The following post was shot on location at Ale Syndicate in Chicago’s Logan Square neighborhood. Ale Syndicate is celebrating their 1st Year in the brewery and we’re thrilled that we could give you a peek into their production facility.
1A. Be the Best Possible On-Camera Version of Yourself
In addition, if you haven’t spent a lot of time in front of the camera, start practicing your lines. On the day of the shoot plan extra time to record your lines and have a trusted friend review the footage and give you notes.
2. Keep it Snappy
People have short attention spans these days, like 8 seconds short. So, move quickly to hook the viewer and convince them your video is worth finishing and your project is worth investing in.
As you’re preparing your script and storyboard, make sure to read it out loud for pacing and length. Read it in front of friends or family members and watch them to see if they remain engaged. If your friend’s eyes glaze over, chances are your online viewers won’t watch the whole video either.
3. Cover the Basics
The people at Kickstarter were nice enough to break the content basics down to 6 points.
Tell viewers who you are.
Tell viewers the story behind your project.
Come out and ask for people’s support, explaining why you need it and what you’ll do with their money.
Talk about how awesome your rewards are, using any images you can.
Explain that if you don’t reach your goal, you’ll get nothing, and everyone will be sad.
Be sure to thank everyone!
Seems pretty self-explanatory, right?
We generally recommend the 60-90 second online video sweetspot. With crowdfunding videos, you can get away with a slightly longer total length (videos tend to range from 2 – 4 minutes in total length) because you have a lot more to cover that isn’t just a list of specific features. Based on industry standards (150 words per minute of video), a 2 – 4 minute video will have a script length of 300 – 600 words.
4. Keep it Legal
Whether your Kickstarter is a personal project or a business venture, beware of violating copyright law. This includes music, logos (yes, that Apple logo on your MacBook counts), images, and video.
5. Close the Sale
Wrap your video up by quickly listing available rewards, each accompanied with a high quality photo, to make them as appealing as possible. Then cap it off by telling them to click the button and donate.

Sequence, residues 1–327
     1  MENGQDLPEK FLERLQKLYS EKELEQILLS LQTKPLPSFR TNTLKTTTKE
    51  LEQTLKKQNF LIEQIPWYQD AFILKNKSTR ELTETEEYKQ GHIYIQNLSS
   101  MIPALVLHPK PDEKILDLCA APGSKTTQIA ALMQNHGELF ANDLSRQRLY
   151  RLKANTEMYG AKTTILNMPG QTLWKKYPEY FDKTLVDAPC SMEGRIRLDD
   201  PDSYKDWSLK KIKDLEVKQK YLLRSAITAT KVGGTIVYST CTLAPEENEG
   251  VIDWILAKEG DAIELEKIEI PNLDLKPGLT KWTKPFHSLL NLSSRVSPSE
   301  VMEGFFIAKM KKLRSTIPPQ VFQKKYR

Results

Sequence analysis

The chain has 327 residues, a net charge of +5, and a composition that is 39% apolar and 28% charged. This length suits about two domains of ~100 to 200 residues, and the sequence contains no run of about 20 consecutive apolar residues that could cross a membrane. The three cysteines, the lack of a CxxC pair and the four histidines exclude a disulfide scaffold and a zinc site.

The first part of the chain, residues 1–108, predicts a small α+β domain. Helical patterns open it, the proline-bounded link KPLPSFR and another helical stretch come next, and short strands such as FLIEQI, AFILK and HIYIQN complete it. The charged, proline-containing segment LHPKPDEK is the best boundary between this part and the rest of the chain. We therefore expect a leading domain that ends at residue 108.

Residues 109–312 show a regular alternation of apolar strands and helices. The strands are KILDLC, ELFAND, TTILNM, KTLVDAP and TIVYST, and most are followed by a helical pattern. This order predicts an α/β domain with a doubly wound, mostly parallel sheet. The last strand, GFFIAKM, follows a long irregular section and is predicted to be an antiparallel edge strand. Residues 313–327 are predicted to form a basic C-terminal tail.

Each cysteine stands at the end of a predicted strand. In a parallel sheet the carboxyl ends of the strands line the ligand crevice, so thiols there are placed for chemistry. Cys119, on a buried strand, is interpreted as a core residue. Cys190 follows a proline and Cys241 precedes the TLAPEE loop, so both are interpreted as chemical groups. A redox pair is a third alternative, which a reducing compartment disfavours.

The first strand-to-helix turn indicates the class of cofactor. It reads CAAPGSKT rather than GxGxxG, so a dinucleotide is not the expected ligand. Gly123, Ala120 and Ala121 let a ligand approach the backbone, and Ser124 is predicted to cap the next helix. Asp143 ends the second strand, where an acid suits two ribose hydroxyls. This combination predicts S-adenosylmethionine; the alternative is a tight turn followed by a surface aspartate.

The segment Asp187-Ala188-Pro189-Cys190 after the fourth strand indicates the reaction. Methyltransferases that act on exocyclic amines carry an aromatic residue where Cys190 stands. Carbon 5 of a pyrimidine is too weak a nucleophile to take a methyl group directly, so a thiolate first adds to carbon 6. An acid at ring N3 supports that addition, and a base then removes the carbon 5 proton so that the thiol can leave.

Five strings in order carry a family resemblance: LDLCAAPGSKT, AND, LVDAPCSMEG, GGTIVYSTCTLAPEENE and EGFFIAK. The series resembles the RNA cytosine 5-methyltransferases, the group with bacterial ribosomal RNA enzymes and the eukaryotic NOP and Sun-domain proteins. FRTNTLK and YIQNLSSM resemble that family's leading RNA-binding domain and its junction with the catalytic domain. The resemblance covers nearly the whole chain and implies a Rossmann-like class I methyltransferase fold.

The whole point of your video is to get backers! Don’t forget to ask your viewer for money and thank them for supporting your project. Politeness goes a long way, and even if they don’t donate, hopefully they’ll at least share your project or video with others!
Bonus Tip: Push Your Video out to Other Outlets
Once you’ve got your project posted on Kickstarter with a concise video promoting your product, do you just sit back and wait for backers to support your project? Of course not!
With the all or nothing stakes, use that video to promote your project and Kickstarter page as much as possible. Post it on YouTube, Facebook, and share it on Twitter. If you have a blog, embed the video in a post with links back to your Kickstarter page. Is there an online community that might be interested in your video (hint: of course there is), find them and share your video.
Looking for inspiration to get started? Check out these awesome crowdfunding videos that highlight our 5 tips.
The Coolest Cooler (in 2014 this project raised over $13 million)
This video covers all of Kickstarter’s suggestions for content. In addition, you get a feel for who the founder is and why this project is special to him. Don’t you want a Coolest Cooler, too? Had you helped fund the project last year – you would have gotten one!
Good Spread Peanut Butter
The introductory tale of traveling the country in a Winnebago, with the vintage feel to the footage, immediately hooked us. As the founders continued their tale of creating a company with a goal to help fight malnourishment in Africa, you can’t hit pause. And they wrap up the story with rewards in addition to helping starving children in Africa. Why wouldn’t you help fund this project?
Saving Eliza (the most supported project on GoFundMe, grab the tissues!)
GoFundMe videos tend to be a bit different, as projects on this site are generally to support families and individuals recovering or living with personal tragedies. This video does an incredible job of telling Eliza’s story and outlining the effects of her disease. Her family has taken the money that they’ve raised and created a foundation to support research to cure Eliza’s illness and the other families who have children impacted by Sanfilippo Syndrome.
Join the discussion
A few months back I heard David Petrillo from Coffee Joulies explain how he was able to use Kickstarter to raise over $300,000 from nearly 5,000 backers. According to Petrillo, one of the main reasons for his success was having a compelling Kickstarter video. And it didn’t cost him an arm and a leg either …
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